Date of Award

Summer 2014

Degree Type


Degree Name

Master of Science (MS)



First Advisor

Darrell G Schulze

Committee Chair

Darrell G Schulze

Committee Member 1

Phillip R Owens

Committee Member 2

George E van Scoyoc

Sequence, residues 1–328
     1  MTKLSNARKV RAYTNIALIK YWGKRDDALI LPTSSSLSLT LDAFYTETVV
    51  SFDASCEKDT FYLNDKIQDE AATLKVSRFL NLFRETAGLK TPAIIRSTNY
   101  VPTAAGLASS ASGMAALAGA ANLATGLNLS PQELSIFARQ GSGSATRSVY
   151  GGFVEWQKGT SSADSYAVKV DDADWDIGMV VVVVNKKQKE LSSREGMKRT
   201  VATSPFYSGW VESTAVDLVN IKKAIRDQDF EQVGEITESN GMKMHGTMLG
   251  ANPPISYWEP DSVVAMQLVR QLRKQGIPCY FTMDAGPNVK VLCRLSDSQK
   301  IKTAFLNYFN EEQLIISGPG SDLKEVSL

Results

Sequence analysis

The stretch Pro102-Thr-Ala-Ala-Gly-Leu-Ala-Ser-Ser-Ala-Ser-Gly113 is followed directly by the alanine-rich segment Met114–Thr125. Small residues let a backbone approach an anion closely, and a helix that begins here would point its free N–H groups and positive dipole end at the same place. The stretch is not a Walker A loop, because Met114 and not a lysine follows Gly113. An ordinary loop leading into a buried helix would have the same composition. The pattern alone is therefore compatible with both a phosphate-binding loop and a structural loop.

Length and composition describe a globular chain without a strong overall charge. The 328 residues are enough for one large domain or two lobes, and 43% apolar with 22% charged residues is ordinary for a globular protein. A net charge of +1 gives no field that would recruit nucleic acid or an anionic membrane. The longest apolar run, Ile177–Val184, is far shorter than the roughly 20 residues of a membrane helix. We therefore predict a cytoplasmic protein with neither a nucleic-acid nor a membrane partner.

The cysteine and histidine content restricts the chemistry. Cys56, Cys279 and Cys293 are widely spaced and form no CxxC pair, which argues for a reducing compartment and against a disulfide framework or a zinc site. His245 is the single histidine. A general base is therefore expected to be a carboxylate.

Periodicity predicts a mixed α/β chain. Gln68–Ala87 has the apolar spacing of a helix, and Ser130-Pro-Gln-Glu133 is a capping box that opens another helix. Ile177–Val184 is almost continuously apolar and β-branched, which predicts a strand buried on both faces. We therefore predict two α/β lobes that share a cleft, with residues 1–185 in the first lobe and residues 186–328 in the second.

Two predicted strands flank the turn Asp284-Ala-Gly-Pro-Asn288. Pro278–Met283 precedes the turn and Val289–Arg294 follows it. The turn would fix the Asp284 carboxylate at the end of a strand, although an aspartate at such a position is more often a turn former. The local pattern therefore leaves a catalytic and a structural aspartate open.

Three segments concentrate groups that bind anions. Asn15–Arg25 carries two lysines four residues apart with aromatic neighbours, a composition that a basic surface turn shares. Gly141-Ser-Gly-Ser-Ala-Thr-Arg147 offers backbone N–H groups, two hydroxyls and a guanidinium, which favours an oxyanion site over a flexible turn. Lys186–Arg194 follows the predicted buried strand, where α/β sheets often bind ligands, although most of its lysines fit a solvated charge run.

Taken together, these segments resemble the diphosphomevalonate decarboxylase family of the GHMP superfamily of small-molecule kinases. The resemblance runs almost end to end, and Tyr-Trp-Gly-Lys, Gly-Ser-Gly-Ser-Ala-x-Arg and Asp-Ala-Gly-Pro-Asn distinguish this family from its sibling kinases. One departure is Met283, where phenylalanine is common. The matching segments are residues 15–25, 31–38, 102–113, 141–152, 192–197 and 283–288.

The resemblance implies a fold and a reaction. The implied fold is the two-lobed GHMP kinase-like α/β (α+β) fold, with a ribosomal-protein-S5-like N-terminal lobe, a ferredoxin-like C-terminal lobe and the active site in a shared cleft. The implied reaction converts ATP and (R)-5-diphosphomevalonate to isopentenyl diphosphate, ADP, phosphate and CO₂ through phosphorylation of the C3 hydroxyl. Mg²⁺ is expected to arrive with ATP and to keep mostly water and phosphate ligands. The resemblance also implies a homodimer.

The western Kenyan highlands are among the most highly populated and productive areas in Kenya's "breadbasket" regions. It is important, therefore, to make optimal use of available land to enhance food security. The objective of this project was to develop a first generation digital soil map of a portion of the Uasin Gishu Plateau to be used for both teaching and extension. To support digital map production, we sampled five representative pedons and analyzed them for organic matter, pH, extractable K+, Ca 2+, Mg2+, Al+3, and P, effective cation exchange capacity (ECEC), base saturation, soil texture, and clay mineralogy. Pedon KN12 is a poorly drained Vertisol (Typic Endoaquert) in a depression at ~2280 m elevation; pedons KN13 and KN14 are well-drained Oxisols at ~2230 m elevation with a petroferric contact within ~80 cm of the soil surface (Petroferric Eutrudox), and pedons KN15 and KN16 are well-drained Oxisols (Humic Eutrudox) at ~2780 m. All 5 pedons had clay textures throughout. There were no statistically significant differences (p>0.05) in extractable P and K+ levels, but the remaining parameters showed significant differences (p<0.05) among the sites. The Vertisol (KN12) had significantly higher ECEC, Mg2+ , Ca2+, base saturation, and pH, and lower Al +3 saturation than the Oxisols. As expected, base saturation was positively correlated with Ca2+, Mg2+, ECEC, and pH, and negatively correlated with Al+3. X-ray diffraction showed that the clay fraction of the Oxisols was predominately kaolinite with smaller amounts of mica. Goethite and rutile were also identified in KN13, KN15and KN16. The clay fraction of the Vertisol contained interstratified kaolinite-smectite and discrete kaolinite. One Oxisol (KN16) contained hydroxyl-interlayered vermiculite in addition to kaolinite. A Digital Elevation Model (DEM) was used to generate covariates such as topographic wetness index (WTI), percent slope, geomorphons, and altitude above channel network. These covariates were used to create a soil class map of a portion of the Usain Gishu Plateau that is significantly more detailed than the currently available soil maps of the area. A major constraint limiting digital map production in Kenya at this time is the poor spatial resolution (90 m) of the available DEM data.